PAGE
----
8

This is an abbreviated form of 〜てくれない, meaning "to not do 〜 for me". So 貸してくれない means "won't lend me", but phrased as a question like this (likely with a rising intonation) mean "Hey Maruo, won't you lend me your dictionary for a bit?"


8

「言{い}わんこっちゃない」 is the common colloquial form of: 「言わないことではない」 which is a set phrase that means: "I told you so.", "Didn't I tell you?", "That's why I told you.", etc. 「やれやれ」 just means "Oh dear!" or something along those lines.


8

The actual phone conversation would have gone like this: Guy: 「あ、おかあさん?オレ。今じーちゃんのとこ。」 Mom: 「なんで(じーちゃんのとこにいるの)?」 Guy: 「なんでって・・ 別{べつ}にィ~~~」 What なんでって is a contraction of? It is of 「なんでと」. This 「って」 is the informal version of the quotative particle 「と」. 「なんでと」 in this context means 「なんでと言{い}われても」or 「なんでと聞{き}かれても」, which would roughly translate to "...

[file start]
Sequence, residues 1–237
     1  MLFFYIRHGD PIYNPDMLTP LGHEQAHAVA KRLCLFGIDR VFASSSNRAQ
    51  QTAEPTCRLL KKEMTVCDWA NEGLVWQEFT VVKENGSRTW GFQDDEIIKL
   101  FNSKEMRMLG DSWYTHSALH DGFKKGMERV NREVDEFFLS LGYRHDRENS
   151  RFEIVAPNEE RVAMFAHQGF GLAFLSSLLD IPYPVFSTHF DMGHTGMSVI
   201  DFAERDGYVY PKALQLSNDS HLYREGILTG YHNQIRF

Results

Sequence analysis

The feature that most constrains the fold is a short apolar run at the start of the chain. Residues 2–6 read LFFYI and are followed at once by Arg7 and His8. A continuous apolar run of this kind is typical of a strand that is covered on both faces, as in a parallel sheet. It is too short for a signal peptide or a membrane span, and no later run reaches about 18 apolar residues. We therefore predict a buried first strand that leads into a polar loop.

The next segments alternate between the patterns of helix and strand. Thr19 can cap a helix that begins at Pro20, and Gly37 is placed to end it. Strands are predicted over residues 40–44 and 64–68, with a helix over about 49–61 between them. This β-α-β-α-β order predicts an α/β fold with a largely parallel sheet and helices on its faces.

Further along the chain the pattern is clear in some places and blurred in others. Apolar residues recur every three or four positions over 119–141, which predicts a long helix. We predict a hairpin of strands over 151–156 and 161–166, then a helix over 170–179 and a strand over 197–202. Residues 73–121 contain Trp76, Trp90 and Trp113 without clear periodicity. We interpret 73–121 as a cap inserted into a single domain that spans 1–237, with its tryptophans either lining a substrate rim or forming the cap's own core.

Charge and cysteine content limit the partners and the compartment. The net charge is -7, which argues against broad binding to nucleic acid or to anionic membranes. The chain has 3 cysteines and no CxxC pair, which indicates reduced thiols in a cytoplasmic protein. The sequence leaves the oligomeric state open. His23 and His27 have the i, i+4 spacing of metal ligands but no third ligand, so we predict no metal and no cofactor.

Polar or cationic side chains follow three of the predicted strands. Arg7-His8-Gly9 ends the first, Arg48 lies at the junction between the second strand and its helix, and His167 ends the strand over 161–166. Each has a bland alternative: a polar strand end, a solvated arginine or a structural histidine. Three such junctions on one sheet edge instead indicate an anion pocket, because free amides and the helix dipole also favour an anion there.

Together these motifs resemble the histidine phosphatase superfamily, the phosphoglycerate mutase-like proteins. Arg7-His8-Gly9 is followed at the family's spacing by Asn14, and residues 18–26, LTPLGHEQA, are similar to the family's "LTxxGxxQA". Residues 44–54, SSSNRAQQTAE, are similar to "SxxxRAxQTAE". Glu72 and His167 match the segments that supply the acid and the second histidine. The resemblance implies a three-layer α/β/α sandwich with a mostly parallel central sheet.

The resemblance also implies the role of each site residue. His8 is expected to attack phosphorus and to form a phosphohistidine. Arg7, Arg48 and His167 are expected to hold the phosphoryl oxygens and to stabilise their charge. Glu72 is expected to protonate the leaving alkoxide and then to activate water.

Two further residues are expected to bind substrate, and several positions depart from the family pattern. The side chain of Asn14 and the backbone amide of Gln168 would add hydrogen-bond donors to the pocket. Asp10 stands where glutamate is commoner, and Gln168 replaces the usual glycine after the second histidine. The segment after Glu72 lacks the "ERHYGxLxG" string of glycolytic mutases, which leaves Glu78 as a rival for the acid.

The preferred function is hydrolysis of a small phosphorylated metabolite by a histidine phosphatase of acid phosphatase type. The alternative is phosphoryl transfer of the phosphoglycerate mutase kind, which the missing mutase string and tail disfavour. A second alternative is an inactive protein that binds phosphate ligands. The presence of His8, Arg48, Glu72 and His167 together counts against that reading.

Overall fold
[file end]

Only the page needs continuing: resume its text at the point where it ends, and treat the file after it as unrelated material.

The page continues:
7

This is obviously a contraction of 寝てると. Not sure if this pertains to certain dialects/age groups etc. though. Haven't heard this one myself in real life.


7

I do not know the origin of the suffix -がる, but I am afraid that your theory is unlikely because the suffix -がる is attached to something different from what a particle が is attached. For example, we say 痛がる, but 痛が is not grammatical.


7

しとけ = しておけ = する + おく Combined with に, this する means "to choose", not "to do". 「どこにも行くなここにしとけ。」 suggests that someone has been looking for a good/best place for something, and the speaker says that no more searching is necessary because that place has been found, which is "this" place. So, your translation is already good. ここにしとけ literally means "Choose ...